Spotify: Apple’s new EU rules are “extortion” and a “complete and total farce”

“The old tax was rendered unacceptable under the DMA, so they created a new one masquerading as compliance with the law”

Spotify: Apple’s new EU rules are “extortion” and a “complete and total farce”

Music streaming service Spotify has labeled Apple’s new rules to comply with the European Union’s Digital Markets Act a “complete and total farce” that “does not comply with the letter and the spirit of the law”.

The DMA’s aim is to identify 'gatekeepers' - large online platforms, and enforce a set of regulations that create what it calls a "fairer business environment" for all companies. In Apple's case, part of the requirements are that it must open up the App Store and iOS ecosystem to third-party marketplaces and payment options.

In response, Apple’s new business terms propose a cut of its revenue share to 17% - rising a further 3% if publishers use Apple Pay.

Meanwhile, it has added a €0.50 fee (which it has called a Core Technology Fee, echoing Unity's controversial Runtime Fee) for all downloads over a one million install threshold on an annual basis.

Should developers not wish to use alternative payments or marketplaces, they can stick with the existing terms. You can read all the details here.

"They don't think the rules apply to them"

Spotify has been campaigning nearly five years for changes to Apple’s App Store practices, and the company has now made a scathing attack on Apple's new rules.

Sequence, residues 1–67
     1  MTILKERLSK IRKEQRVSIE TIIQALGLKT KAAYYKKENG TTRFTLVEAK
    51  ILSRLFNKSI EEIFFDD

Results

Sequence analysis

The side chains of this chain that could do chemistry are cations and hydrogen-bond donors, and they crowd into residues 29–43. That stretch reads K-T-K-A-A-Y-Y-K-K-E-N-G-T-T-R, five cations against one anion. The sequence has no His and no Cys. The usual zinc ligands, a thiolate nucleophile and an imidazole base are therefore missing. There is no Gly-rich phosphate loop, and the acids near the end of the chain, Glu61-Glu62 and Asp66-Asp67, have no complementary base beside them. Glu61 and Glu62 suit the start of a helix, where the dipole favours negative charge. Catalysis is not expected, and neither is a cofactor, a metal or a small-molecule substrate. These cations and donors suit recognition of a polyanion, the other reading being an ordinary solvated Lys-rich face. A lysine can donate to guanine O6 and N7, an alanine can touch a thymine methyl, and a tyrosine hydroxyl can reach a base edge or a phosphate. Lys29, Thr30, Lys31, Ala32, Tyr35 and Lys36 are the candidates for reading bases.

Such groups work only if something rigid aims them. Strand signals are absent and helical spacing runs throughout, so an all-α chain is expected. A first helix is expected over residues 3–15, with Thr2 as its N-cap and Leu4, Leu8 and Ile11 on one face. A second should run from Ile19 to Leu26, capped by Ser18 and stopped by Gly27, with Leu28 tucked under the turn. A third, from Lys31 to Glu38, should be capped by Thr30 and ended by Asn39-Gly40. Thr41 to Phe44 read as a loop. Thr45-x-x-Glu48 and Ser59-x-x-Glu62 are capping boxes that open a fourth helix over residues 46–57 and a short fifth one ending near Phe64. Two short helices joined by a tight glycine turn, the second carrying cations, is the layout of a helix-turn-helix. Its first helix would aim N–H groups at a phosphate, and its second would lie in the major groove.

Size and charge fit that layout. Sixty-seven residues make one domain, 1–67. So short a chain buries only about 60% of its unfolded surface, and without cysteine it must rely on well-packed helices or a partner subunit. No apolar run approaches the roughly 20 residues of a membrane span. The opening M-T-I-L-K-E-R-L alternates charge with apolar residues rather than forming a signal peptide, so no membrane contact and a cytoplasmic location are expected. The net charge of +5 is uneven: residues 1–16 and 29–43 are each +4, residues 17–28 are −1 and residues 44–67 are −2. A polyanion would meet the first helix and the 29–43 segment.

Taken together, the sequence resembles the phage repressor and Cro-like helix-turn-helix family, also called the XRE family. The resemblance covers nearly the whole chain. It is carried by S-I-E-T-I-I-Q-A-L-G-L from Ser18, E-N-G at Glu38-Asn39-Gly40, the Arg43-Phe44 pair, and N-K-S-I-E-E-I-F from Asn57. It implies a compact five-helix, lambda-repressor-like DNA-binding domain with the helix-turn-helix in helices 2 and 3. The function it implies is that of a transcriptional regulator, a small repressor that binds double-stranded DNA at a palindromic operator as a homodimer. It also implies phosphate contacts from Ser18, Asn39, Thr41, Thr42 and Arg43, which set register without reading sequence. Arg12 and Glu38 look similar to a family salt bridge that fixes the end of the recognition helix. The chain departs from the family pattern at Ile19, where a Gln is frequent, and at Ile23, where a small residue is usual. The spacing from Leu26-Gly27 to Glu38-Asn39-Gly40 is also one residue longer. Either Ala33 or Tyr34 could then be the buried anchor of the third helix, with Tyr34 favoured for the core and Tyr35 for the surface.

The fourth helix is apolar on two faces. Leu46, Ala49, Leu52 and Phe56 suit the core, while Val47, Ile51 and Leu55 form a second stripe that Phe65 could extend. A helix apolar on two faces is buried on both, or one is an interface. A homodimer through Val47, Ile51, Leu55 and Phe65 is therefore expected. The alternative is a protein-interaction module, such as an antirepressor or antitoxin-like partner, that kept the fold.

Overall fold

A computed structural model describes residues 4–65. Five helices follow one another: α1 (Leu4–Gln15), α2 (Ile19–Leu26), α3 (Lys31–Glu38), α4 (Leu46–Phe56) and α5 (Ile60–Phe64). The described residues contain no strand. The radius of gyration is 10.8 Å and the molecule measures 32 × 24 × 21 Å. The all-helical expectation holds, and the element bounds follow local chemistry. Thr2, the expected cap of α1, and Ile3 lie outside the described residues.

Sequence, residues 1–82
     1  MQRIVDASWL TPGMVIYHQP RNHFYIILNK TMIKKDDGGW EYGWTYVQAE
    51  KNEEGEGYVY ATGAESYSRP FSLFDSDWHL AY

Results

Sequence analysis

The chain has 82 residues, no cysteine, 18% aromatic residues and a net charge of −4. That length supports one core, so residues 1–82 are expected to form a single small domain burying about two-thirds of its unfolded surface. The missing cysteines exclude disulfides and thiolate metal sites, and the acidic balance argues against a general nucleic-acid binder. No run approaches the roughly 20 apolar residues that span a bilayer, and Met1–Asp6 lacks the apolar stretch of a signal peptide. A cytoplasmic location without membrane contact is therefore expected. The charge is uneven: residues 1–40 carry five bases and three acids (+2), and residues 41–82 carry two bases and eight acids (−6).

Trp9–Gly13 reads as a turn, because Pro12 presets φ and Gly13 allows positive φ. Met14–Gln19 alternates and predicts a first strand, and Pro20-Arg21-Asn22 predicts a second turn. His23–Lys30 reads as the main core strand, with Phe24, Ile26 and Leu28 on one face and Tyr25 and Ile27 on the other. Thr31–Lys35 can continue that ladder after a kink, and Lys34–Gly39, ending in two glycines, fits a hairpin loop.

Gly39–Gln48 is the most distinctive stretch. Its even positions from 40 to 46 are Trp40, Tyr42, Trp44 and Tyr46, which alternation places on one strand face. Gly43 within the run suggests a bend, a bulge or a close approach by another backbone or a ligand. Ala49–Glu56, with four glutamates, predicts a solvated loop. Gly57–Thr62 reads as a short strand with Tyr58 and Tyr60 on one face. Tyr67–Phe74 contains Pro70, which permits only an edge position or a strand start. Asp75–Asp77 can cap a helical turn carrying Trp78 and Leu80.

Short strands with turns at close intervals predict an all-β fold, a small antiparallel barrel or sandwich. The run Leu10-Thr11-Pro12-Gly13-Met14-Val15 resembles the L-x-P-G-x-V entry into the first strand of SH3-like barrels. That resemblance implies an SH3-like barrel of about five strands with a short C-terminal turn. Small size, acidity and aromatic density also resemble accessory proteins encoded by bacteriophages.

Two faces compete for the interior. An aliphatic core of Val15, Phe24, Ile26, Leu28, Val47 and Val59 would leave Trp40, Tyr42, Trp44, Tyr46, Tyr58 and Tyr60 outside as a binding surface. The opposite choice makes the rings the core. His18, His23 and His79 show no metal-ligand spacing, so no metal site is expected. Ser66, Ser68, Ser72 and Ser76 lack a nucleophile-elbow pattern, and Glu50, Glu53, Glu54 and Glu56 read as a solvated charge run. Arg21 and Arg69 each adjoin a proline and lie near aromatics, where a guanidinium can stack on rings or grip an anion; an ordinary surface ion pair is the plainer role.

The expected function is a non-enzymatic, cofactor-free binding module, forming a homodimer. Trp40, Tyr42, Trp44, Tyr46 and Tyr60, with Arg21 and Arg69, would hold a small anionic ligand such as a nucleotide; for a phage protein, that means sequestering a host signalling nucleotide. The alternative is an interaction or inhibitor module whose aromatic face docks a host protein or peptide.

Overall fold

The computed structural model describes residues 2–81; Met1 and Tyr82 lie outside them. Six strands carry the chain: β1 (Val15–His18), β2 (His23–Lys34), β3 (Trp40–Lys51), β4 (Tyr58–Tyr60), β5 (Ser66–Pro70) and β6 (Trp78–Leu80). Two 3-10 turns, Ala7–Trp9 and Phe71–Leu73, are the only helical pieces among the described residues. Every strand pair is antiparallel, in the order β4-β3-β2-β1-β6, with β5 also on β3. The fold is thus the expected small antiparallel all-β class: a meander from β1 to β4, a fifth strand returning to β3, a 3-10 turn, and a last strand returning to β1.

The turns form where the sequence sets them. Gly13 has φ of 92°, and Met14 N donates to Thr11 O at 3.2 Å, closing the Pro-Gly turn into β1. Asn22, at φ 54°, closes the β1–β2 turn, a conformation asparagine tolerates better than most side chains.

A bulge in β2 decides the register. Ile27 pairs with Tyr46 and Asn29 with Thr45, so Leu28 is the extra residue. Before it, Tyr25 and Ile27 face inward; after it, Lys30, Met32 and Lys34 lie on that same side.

“Apple has just shown the world, they don’t think the rules apply to them,” it stated.

“Apple is nothing if not consistent. While they have behaved badly for years, this takes the level of arrogance to an entirely new place.

"Under the false pretense of compliance and concessions, they put forward a new plan that is a complete and total farce. Essentially, the old tax was rendered unacceptable under the DMA, so they created a new one masquerading as compliance with the law.

“From the beginning, Apple has been clear that they didn’t like the idea of abiding by the DMA. So they’ve formulated an undesirable alternative to the status quo. This is why many of the most popular developers will never be able to choose it.

"And for the developers who feel like they have no other alternative, it’s a path that will punish their success.”

Spotify labelled the new €0.50 download fee “extortion”, claiming it believes developers would have to pay the fee even if users downloaded an app and never use it or never delete it.

“This will hurt developers, potential start-ups and those offering free apps most,” it said.

"Don't resist, just comply"

Taking to Twitter, Spotify CEO Daniel Ek called Apple’s new business terms a “masterclass in distortion”. He said Apple’s message was clear: “Disrupt their toll-booth operation, and they'll ensure you regret it. This isn't just about fees; it's a warning – don't resist, just comply.”

Ek concluded: “I think it’s important to say that Apple's design ethos and products have my admiration. But this is just hostile. It's not the Apple that once pushed the boundaries of technology and design.

"This is a company resting, not breaking any new ground, and turning its back on the principles that once made it the shining example of innovation. And it’s certainly not in compliance with the DMA. It’s a monopoly under a different mask.

“By inventing a new tax system to replace the old, Apple mocks the spirit of the law and the lawmakers who wrote it. I sincerely hope the EU recognises this for exactly what it is and stands firm, and doesn’t let their work over the years all be for nothing. The world is watching.”

Just days ago, Spotify had declared victory over Apple in its years long campaign against the company's App store practices. The streaming firm had expected to launch in-app purchase options for premium subscriptions and buying audiobooks, without Apple's 30% cut.

Apple's new business terms appear to have cut short those plans for now, however.

Head of Content

Craig Chapple is a freelance analyst, consultant and writer with specialist knowledge of the games industry. He has previously served as Senior Editor at, as well as holding roles at Sensor Tower, Nintendo and Develop.